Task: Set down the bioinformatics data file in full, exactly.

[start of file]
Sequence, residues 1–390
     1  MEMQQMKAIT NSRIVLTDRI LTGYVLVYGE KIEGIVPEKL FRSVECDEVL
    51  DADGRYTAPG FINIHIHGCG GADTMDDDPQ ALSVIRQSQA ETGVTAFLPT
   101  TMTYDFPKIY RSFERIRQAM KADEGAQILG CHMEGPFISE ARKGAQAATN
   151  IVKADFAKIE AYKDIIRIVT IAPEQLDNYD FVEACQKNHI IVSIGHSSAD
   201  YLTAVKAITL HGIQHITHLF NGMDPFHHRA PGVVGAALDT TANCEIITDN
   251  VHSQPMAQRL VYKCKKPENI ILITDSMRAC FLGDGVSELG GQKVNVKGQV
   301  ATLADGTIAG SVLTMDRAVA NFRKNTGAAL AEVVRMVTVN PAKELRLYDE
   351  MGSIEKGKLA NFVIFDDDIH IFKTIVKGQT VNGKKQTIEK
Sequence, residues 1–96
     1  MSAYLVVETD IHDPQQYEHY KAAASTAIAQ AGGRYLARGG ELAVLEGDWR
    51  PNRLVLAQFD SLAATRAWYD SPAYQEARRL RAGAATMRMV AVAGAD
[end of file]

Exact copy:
Sequence, residues 1–390
     1  MEMQQMKAIT NSRIVLTDRI LTGYVLVYGE KIEGIVPEKL FRSVECDEVL
    51  DADGRYTAPG FINIHIHGCG GADTMDDDPQ ALSVIRQSQA ETGVTAFLPT
   101  TMTYDFPKIY RSFERIRQAM KADEGAQILG CHMEGPFISE ARKGAQAATN
   151  IVKADFAKIE AYKDIIRIVT IAPEQLDNYD FVEACQKNHI IVSIGHSSAD
   201  YLTAVKAITL HGIQHITHLF NGMDPFHHRA PGVVGAALDT TANCEIITDN
   251  VHSQPMAQRL VYKCKKPENI ILITDSMRAC FLGDGVSELG GQKVNVKGQV
   301  ATLADGTIAG SVLTMDRAVA NFRKNTGAAL AEVVRMVTVN PAKELRLYDE
   351  MGSIEKGKLA NFVIFDDDIH IFKTIVKGQT VNGKKQTIEK
Sequence, residues 1–96
     1  MSAYLVVETD IHDPQQYEHY KAAASTAIAQ AGGRYLARGG ELAVLEGDWR
    51  PNRLVLAQFD SLAATRAWYD SPAYQEARRL RAGAATMRMV AVAGAD